The contestants had to pose in a store window while wearing skimpy lingerie. In true reality show form, the judge announced that the prize would be "Five thousand dollars...!" (Pause, wait for contestants to shriek with venal joy.) "...worth of lingerie!" Their excitement was remarkably undimmed. Maybe some of them thought that they could take the lingerie to a bank and exchange it for currency. The James Cagney-esque Eva posed her short, pugnacious heart out, while Toccara's stiffer poses seemed to take their inspiration from Hermione Gingold in "The Music Man." ("ONE Grecian urn...!") And throughout the show, just like all the past shows, the judges hammered Ya Ya with their inane "Stop moving like a dancer" critique. At least one of them actually demonstrated this for her this week. One judge posed, which meant "dancer," and then let the pose droop somewhat, which meant "model." So, models are like enervated dancers. Got it.

Next week on ANTM, someone sticks her finger into a tray of brownies and all hell breaks loose. Can't wait!

Wednesday, October 20, 2004

Regrettable DVD Purchases, Part One: Ringu (1998)

I used to have the bad, lazy habit of buying DVD's of movies I've never seen. (I could have tried renting them first, but no...!) These were all movies that I'd seen praised to the skies in various reviews, of course. The problem was, I usually ended up hating them. Case in point: the Japanese horror film, "Ringu." "Ringu" was released in Japan in 1998, and spawned several sequels as well as a TV series. Hollywood took note and in 2002 released a slick remake: "The Ring." Since I'd liked "The Ring" enough to buy it, and since various internet horror sites claimed "Ringu" was better, I bought "Ringu." Huge mistake. "Ringu" is inferior to "The Ring" in practically every way. The film lacks the chilling atmosphere of "The Ring." The plot is threadbare, owing in part to the sheer brevity of the cursed videotape. The tape in "The Ring" is rich with surreal imagery that recurred in new forms throughout the film and provided only vague clues to the mystery of the little girl. The tape in "Ringu" has only a few images, none of them terribly interesting or scary. Instead of using the tape itself as a resource, the characters in "Ringu" often have vital clues literally pointed out to them by the specter of a man with a cloth over his head. The dude actually points to spots where the characters are meant to look. In "The Ring," the little girl's origins remain somewhat mysterious and there is an inferred supernatural element, but in "Ringu" she is specifically said to have psychic powers. Just like every other character in the film, including the girl's mom and the lead character's ex-boyfriend! (Psychic = boring to me. Sorry.) In "The Ring," the reporter's son is a serious little boy who ends up haunted by the little girl, and yes, the performance is reminiscent of the kid in "The Sixth Sense," but at least both these boys can actually act. (And for that matter, the kid in the "Ring" doesn't have psychic powers -- he only draws pictures of his cousin's death because she told him she was going to die beforehand, and the only "dead person" he sees is the malevolent little girl.) By contrast, the little boy in "Ringu" is a sour-faced, dead-eyed little mannequin who spends the entire film looking like he's crapped his pants and is feeling kind of angry about it. And then there's "Ringu's" set piece. Three words: climactic bailing sequence. The well in "Ringu" is pretty full, which means that the reporter and her ex-boyfriend spend quite a bit of time emptying it with a little bucket. This goes on for what feels like hours. In what passes for a plot complication, the reporter's arms get tired. She starts crying. The ex-boyfriend yells at her. It's just like one of the lamer challenges in "The Amazing Race." ("Bail faster, Mirna!") Needless to say, I felt utterly ripped off by this purchase. Sadly, I'm a bit of a slow learner when it comes to financial matters, so it would take a few more bad purchases like this before I finally learned my lesson. Up next: "Don't Look Now" (1973).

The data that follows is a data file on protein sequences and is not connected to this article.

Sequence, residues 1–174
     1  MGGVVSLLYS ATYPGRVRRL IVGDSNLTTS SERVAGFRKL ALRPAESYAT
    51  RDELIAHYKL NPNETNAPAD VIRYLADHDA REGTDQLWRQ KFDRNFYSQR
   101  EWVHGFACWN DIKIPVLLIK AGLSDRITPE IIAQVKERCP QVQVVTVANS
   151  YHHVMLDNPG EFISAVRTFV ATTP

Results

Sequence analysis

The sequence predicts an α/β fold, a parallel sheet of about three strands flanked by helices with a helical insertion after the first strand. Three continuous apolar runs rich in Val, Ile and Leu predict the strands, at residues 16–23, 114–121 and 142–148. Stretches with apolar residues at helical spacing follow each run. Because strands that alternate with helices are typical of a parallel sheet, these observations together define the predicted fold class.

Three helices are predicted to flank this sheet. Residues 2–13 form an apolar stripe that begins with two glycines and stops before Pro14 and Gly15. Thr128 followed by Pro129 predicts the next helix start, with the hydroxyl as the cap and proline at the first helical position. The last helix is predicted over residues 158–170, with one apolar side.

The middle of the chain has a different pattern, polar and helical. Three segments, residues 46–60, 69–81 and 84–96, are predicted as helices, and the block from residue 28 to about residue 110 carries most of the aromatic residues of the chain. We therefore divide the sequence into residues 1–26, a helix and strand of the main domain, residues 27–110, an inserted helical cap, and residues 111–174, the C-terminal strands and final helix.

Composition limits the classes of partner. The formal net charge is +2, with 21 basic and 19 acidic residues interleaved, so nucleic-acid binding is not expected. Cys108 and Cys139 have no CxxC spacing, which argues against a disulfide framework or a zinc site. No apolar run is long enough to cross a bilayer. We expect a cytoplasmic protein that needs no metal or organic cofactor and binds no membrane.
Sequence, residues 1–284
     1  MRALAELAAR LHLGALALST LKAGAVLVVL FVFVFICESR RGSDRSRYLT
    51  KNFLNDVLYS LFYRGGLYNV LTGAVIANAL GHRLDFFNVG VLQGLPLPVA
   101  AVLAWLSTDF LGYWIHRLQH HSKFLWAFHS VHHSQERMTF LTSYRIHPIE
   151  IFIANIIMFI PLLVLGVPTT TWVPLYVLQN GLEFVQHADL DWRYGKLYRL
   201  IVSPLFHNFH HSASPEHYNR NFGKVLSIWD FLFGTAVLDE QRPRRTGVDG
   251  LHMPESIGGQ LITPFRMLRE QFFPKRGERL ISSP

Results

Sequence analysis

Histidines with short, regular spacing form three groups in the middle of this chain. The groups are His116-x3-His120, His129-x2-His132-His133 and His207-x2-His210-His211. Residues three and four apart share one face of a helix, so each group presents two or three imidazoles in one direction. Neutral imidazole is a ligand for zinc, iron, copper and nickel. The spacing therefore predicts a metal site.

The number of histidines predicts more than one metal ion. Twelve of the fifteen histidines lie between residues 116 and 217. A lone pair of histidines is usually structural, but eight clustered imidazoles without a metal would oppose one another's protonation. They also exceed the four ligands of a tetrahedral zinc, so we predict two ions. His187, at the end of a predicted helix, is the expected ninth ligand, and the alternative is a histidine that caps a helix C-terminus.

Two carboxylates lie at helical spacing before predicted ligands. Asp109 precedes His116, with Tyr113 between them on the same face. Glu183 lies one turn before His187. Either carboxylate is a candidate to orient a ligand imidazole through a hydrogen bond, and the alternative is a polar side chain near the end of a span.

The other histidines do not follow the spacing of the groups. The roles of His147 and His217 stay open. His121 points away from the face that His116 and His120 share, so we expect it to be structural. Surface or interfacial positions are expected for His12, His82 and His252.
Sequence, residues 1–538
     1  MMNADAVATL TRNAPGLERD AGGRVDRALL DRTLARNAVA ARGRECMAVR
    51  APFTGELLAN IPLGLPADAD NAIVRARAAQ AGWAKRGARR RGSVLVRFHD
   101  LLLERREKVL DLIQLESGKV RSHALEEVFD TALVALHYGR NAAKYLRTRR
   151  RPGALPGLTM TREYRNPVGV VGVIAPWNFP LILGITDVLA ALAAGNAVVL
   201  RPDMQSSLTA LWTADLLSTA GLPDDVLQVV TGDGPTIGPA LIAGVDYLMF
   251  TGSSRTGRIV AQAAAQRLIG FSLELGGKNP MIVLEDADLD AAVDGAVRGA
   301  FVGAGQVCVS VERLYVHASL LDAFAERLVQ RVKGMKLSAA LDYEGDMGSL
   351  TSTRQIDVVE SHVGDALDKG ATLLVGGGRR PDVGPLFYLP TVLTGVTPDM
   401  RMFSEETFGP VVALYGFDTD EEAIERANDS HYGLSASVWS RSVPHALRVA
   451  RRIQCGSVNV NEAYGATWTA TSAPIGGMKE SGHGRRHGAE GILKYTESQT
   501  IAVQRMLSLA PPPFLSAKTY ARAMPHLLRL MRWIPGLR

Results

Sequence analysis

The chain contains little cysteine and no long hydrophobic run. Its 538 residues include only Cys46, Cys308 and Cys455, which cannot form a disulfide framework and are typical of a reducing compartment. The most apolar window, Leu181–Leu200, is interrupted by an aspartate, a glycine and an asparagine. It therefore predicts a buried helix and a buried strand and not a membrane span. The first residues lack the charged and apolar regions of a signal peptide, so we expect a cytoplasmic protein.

Who is Blockade Boy?

I'm glad you asked. Blockade Boy is an alien superhero who showed up as a minor character in Adventure Comics #344 (May, 1966) in the Legion of Superheroes story, "The Super-Stalag of Space!" He was promptly killed off in the very next issue. His super-power was the ability to transform himself into a steel barrier -- except that his head stuck out of the front of it, which made him look like a hunting trophy, or perhaps an oversized refrigerator magnet. Other than that, he was kind of boring. His costume, such as it was, consisted mainly of a yellow t-shirt and brown trousers. Oh, sure, there were a few concessions to superhero fashion, such as his insanely wide belt (six inches, at least), the stubby brown boots, into which the cuffs of his trousers were haphazardly stuffed, and of course the bad-ass wrist guards, a la Ultra Boy or the Golden Age Atom. He had a crewcut, and he wasn't terribly handsome, either. He was lantern-jawed, his eyes were kind of beady and a bit too close together, and his nose was a knobby lump. He died saving Matter-Eater Lad, who was equally lame but much more popular with comics readers because he had an actual personality.

Blockade Boy is also a thirty-five-year-old Kansas man with more comic books than sense. He's not physically imposing, although he does own a Bowflex and is working hard to lose weight. He cannot turn into a steel barrier with a human head protruding from it. He is, he flatters himself, somewhat wittier than his comic book namesake. Not that this would take much.

So, why choose "Blockade Boy" for an alias? Simple. I have a soft spot in my heart (and head) for hapless proletarian characters like Blockade Boy. And I just like the name. It has a certain clunky charm. It's also one of the few comic book superhero names that hasn't been appropriated by very many internet comic book geeks, if any at all. Because it's dumb!

Blockade Boy, the blog, will focus mainly on pop culture claptrap, like comics and movies. There may be some swearing.